“Just ’Bout That Action, Boss”: The Televisual Politics of Marshawn Lynch
Samantha N. Sheppard / Cornell University

Marshawn Lynch and Deion Sanders during Super Bowl XLVIII's Media Day
Marshawn Lynch and Deion Sanders during Super Bowl XLVIII’s Media Day

During Super Bowl XLVIII’s Media Day, Seattle Seahawks’ elusive running back Marshawn Lynch exited his mandatory press conference after only six-minutes and twenty-seconds (of a sixty-minute timeslot) to the surprise and dismay of reporters and media outlets gathered for the event. His brief appearance was to avoid a potential $100,000 fine by the NFL for noncompliance of the league’s policy that players engage in “reasonable cooperation with the news media” during the pre-Bowl event.[1] Later that day, as he stood at the edge of the step and repeat banner surveying the sports media spectacle around the championship game, Lynch was approached by football Hall of Fame cornerback turned NFL Network analyst Deion Sanders. The interview-averse Lynch allowed Sanders, with camera operator in tow, to draw near him and improvise a conversation about his excitement for the upcoming game. Asked about his shy demeanor and disinterest with the press, Lynch responded to Sanders’ questioning of his silence with the iconic “show, don’t tell” retort: “I’m just ‘bout that action, boss.” Their endearing two-minute exchange highlights why Lynch is still a fan favorite as well as why his stonewalling sentiments and telegenic qualities make for a challenging and captivating media spectacle.

In this column, I want to embrace and engage the exigent demands of Lynch’s challenging and captivating media persona. First, I want to broadly reflect on the televisual politics of Lynch’s defiant press conference performances.[2] Second, I want to briefly consider David Shields’ 2019 experimental documentary Lynch: A History, which culls a range of television footage and other media sources to interrogate race, sports, and American media through the unruly personality and enigmatic persona of the football star.

A former Cal Golden Bear and 5X-Pro Bowl running back who won a Super Bowl title with the Seattle Seahawks in 2015, Lynch is known for his emblematic and epithetic “Beast Mode” brand, on and off the playing field. An Oakland native, he captured sporting acclaim with his unstoppable ability—in his words—to “run through a motherfucker’s face” to get to the end zone. A sensational athlete, Lynch gained widespread notoriety off the gridiron for his mediagenic resistance: a surly and sardonic demeanor and an increasing disengagement with sports journalists during mandatory press conferences. During press conferences, Lynch repeatedly stonewalls or signifies, redirecting their questions with short, terse phrases about other topics or gives no explanation or further clarification for his withdrawn behavior. For example, before Super Bowl XLIX, Lynch tells reporters at press day: “Hey, look. I mean, all I week I done told y’all what’s up and for some reason y’all continue to come back and do the same thing that y’all did. I don’t know what story y’all trying to get out of me… So y’all can go and make up whatever y’all want to make up because I don’t say enough for y’all to go and put anything out on me.” In this moment, Lynch’s press conference performance is a rebuke and rebuttal, chastising a media clamoring to engage with him only on their terms and for their benefit. Lynch’s monologue continues: “I’ll come to y’all event and y’all shove cameras and microphones down my throat, but when I am at home in my environment I don’t see y’all. But y’all mad at me.”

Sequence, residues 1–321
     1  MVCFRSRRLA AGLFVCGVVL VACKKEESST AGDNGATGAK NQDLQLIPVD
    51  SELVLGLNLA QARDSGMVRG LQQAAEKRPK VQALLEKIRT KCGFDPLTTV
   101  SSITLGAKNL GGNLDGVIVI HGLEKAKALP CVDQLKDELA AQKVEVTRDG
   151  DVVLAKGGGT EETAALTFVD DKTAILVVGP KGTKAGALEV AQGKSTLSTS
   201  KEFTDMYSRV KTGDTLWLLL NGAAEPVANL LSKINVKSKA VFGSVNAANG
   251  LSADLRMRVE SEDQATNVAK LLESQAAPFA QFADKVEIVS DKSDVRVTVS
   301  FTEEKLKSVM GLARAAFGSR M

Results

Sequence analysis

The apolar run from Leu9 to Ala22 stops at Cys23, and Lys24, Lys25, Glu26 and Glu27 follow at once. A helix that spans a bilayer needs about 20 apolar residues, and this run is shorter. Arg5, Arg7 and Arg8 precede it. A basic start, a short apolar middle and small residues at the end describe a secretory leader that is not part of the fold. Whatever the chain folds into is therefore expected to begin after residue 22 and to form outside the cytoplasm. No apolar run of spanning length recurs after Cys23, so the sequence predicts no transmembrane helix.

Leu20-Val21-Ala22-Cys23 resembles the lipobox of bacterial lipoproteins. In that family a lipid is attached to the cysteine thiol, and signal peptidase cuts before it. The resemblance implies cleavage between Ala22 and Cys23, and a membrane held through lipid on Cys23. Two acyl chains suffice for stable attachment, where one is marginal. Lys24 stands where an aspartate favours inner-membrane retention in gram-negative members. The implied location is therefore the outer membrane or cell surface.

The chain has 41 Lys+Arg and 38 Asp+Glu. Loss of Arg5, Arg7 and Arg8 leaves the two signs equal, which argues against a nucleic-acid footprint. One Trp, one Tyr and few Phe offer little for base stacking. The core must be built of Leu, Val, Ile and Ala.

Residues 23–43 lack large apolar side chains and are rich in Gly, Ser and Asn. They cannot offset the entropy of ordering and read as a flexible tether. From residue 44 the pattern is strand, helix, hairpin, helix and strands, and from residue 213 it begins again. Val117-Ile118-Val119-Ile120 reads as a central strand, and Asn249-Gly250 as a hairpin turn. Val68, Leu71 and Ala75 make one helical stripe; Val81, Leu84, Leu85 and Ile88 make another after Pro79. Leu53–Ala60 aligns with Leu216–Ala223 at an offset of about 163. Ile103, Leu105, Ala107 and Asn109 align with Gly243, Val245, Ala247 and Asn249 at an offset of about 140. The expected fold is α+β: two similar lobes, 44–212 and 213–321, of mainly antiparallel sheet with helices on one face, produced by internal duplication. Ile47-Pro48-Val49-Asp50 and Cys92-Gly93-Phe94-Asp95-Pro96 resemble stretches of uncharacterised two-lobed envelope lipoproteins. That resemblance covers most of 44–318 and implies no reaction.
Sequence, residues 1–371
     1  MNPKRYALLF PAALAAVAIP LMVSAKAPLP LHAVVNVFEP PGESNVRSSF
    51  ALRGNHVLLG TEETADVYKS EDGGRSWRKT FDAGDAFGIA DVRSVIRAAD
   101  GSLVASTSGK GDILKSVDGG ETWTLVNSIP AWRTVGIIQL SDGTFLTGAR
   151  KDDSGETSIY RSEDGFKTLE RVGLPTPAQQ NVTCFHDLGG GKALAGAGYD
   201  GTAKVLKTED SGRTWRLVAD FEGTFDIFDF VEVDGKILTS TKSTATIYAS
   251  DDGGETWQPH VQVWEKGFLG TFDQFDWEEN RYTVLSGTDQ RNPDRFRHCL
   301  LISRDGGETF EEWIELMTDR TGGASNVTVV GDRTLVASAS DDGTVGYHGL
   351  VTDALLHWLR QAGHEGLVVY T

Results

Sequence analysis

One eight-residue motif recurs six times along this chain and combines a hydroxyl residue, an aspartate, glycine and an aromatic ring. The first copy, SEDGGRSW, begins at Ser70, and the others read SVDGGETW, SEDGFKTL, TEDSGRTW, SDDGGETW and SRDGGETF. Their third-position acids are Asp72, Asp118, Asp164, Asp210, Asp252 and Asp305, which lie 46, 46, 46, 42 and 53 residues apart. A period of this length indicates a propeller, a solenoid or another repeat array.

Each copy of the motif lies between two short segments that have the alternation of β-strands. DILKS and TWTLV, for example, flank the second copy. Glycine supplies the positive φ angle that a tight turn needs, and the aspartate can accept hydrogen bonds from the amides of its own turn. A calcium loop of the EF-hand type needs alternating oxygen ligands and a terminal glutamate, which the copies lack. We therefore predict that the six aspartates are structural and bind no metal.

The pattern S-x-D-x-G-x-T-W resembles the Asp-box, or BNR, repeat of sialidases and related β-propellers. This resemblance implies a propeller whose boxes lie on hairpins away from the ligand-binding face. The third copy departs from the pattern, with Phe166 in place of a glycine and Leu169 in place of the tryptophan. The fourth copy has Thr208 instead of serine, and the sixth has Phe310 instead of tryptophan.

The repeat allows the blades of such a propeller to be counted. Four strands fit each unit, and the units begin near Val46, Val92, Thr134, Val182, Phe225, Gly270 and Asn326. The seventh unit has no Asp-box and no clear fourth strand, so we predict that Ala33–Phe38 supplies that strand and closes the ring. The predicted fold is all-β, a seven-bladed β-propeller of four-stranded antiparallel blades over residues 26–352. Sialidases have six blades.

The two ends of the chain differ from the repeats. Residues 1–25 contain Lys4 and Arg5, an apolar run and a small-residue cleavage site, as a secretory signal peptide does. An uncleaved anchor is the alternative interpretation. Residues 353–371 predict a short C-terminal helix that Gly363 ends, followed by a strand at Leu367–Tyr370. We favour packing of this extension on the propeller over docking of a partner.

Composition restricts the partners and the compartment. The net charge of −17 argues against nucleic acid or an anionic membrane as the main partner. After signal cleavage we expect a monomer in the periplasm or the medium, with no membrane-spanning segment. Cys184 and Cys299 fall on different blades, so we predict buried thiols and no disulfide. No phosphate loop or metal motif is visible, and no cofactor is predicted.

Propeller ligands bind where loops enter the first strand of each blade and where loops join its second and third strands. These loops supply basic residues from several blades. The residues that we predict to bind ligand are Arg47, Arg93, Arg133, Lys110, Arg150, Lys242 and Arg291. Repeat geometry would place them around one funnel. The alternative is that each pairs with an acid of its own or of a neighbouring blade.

Marshawn Lynch’s infamous line from the 2015 Super Bowl Media Day press conference

One of Lynch’s most famous press conference exchanges came during the 2015 Super Bowl media blitz where he responded to the barrage of reporters with the repeated (and now officially trademarked) refrain: “I’m just here so I won’t get fined.” Black athletic refusal to “play along” underscores how Lynch enacts a symbolic and political noncompliance, a mediatic moment that serves as a rupture in Black sporting iconicity—I will not perform as you so wish. His calculated defiance cast him within a sporting and televisual continuum of Black athletic refusal from Tommie Smith and John Carlos to Colin Kaepernick and Eric Reid to Naomi Osaka and Simone Biles. His strategic press conference mutism is not an example of conservative reticence desired by those who hope Black athletes just “shut up and play.” As critic Hua Hsu underscores in The New Yorker: “Lynch’s [profound] silence came to register as an expression of power—a way of controlling his own narrative by refusing to offer one.” His resistant actions during that press conference and others function in stark contrast to his media celebrity. Lynch regularly appears on TV commercials and late night shows and has had guest roles on Westworld, Brooklyn 99, Bar Rescue, and The League, among other programs. Lynch’s televisual silences and refusals (he famously sat for the US National Anthem and stood for the Mexican national anthem in 2017), therefore, operates as a tactical refusal and/or reversal of sports television’s industrial complex that mandates telegenic personalities and treats athletes as trained seals who must bark answers at the crowd of journalist. Under the scrutiny of the press, his radical noncompliance, disgruntled silence, and elliptical curtness enacts a televisual politic at once singular and collective, one enmeshed with historical discourses of resistance grounded in the politics of place, race, and sport in public life and the public’s imagination.